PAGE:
Iceland Transcribed

Day 20

Over the course of the next few weeks, I’ll be posting a tastefully-edited version of the journal I kept during the time I spent in Iceland. You can find all the entries and more on the “Iceland Transcribed” page. 


As I was making dinner last night, I ended up chatting with an Australian girl who has been backpacking across the world. She said she had been invited to a party, but wasn’t super keen on going, and neither was I. She extended the invitation to me, and we agreed to go check it out in the name of Pride Day.

First, though, we stopped for pictures of the blood red sunset over the harbor. As we turned the corner, we came upon a giant silver unicorn that had a rainbow mane and rump – a float from the Pride Day Parade that had happened earlier that afternoon. I had missed it, but others said it was quite the spectacle.

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What I thought was going to be a house party – the kind I avoid like Death at home – turned out to be an LGBTQ bar that had some shows happening that night (because, Pride).
And that’s how I ended up at my first drag show, watching the Queens lip-sing bad songs about being girly.

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‘Straya and I had a drink each and chatted with patrons. As the night grew longer and the club started winding down, we went back to the hostel because, we joked, we were actually old ladies who preferred tea and books to drinks and dancing.
We sipped tea and snacked on some cheese we had scavenged from the Free Food Fridge (where other travelers can donate the food they don’t want to take with them instead of throwing it out), and talked about the future and what it means to travel.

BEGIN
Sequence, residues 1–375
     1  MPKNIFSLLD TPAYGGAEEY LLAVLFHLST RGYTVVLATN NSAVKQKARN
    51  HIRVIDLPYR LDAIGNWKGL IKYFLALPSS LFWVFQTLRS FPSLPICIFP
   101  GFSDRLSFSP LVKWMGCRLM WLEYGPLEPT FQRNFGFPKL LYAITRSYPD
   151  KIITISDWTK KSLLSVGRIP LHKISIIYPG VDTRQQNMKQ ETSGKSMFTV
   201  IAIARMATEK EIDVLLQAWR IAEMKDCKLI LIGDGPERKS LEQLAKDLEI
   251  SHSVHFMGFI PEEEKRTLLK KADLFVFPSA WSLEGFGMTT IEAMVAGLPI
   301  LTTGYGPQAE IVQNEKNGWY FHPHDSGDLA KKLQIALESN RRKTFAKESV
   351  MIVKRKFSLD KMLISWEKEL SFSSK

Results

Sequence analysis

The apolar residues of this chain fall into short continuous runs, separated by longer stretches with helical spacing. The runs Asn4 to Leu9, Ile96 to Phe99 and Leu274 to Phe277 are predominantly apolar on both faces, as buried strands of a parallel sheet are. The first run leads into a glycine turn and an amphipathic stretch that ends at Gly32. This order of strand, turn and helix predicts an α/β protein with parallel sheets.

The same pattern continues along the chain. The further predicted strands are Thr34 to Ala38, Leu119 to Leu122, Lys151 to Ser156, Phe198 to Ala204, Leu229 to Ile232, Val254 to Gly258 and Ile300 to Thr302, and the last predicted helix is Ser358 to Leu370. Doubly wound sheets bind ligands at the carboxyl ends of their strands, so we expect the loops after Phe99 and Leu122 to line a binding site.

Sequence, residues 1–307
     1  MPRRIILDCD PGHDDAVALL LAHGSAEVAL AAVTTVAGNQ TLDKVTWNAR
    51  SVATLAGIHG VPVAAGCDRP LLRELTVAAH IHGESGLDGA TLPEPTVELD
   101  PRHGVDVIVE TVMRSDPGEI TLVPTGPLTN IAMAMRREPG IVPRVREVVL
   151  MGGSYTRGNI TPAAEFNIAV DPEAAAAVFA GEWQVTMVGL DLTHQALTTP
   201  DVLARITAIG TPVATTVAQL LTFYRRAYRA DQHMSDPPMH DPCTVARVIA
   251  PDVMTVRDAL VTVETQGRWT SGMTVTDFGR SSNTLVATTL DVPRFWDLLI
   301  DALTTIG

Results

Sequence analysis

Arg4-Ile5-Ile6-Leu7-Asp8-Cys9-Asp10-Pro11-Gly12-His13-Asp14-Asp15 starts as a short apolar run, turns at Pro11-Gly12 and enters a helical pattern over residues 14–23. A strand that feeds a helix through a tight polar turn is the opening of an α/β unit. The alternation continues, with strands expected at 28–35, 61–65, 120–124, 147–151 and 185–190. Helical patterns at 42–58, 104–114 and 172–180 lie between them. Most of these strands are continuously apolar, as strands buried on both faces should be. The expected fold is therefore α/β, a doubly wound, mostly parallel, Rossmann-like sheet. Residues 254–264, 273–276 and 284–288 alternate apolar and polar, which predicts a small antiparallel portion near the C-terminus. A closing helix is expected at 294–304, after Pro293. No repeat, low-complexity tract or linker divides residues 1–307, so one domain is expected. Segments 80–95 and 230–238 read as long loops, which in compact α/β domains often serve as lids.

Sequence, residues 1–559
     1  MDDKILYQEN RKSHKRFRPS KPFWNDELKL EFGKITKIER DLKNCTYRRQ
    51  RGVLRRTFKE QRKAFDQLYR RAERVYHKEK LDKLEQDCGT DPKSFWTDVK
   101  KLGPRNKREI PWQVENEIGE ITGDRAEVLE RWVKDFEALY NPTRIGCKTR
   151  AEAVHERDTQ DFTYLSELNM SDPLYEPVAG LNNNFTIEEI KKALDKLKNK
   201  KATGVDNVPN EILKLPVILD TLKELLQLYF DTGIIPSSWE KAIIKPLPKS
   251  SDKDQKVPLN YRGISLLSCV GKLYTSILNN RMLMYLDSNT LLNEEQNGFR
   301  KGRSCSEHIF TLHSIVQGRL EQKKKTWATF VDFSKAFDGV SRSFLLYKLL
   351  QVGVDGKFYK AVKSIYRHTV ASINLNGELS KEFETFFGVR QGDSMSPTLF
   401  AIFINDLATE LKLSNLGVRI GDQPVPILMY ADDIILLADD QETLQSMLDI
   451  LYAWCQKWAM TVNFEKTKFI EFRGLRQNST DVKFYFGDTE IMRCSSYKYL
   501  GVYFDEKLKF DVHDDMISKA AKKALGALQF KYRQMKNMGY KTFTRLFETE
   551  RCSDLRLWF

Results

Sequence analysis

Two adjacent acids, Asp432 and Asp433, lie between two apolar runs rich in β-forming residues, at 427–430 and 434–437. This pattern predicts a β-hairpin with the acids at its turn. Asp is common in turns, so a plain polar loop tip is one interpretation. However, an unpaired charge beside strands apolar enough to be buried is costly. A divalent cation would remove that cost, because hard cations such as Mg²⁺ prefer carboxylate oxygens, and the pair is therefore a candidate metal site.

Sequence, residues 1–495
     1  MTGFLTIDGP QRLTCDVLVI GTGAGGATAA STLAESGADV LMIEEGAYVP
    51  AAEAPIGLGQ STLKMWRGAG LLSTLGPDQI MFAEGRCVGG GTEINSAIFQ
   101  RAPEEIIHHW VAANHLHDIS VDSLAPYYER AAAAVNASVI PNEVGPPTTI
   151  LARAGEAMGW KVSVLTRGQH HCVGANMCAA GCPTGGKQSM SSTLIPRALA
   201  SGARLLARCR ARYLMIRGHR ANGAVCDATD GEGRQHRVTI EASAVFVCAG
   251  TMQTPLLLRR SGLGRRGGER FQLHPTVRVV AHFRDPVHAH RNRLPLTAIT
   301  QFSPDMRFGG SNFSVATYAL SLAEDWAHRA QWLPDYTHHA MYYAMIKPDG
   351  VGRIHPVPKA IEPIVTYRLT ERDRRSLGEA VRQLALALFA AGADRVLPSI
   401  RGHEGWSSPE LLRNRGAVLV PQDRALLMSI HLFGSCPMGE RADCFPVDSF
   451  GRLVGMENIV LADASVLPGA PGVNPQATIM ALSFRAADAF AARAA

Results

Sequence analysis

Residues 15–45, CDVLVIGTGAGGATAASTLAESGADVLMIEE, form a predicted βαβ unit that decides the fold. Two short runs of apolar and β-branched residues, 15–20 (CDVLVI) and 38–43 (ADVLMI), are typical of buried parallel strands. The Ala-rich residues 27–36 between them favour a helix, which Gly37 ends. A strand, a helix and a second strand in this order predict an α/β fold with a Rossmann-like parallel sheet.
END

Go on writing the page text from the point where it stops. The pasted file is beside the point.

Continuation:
We talked until two in the morning, at which point I invited her to go on the scavenger hunt with me tomorrow and went to bed.

‘Straya joined me on my scavenger hunt in the morning. We found the Kolaportid [Koh-la-port-idth], the giant weekend flea market; we discovered that Einar Jonsson was a sculptor, and most of the statues downtown were done by him, although we didn’t get to the museum – I should do that; we poked our heads into the Phollological Museum but didn’t pay to go in; and we stopped at the Harpa, because it was beautiful in the sunlight.

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I’m not joking, this is a real thing, and it’s great.

We also took pictures on the rainbow-painted steps in front of city hall, drank the moss-and-thyme tea at Cafe Loki, I bought frozen yogurt and enjoyed the hell out of it, and we went to Reykjavik 827 (+- 2), a history museum about the settlement of Iceland.

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One of my favorite pictures, taken in front of Hallgrimskirkja.

By this point I was almost asleep on my feet, so we made our way back to the hostel for dinner, pausing a couple more times: once at a much smaller flea market, and a Christmas shop that offered to send a gift and letter from one of the 13 Iceland Yule Lads to anyone you listed (for a fee, of course). They were closed, but I thought of my nephew, and if the price is reasonable, that would be a fun thing to do for him this year.
Tatertot’s first birthday is this month… I’d love to see him.

Our last stop was a colorful bakery, where I bought a chocolate-and-raisin sweet roll. I definitely found my new favorite sweet.

I need to do some laundry, but right now I can’t focus on anything beyond the blissful darkness of sleep. It’s only 8pm.

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Reykjavik’s street art is incredible.
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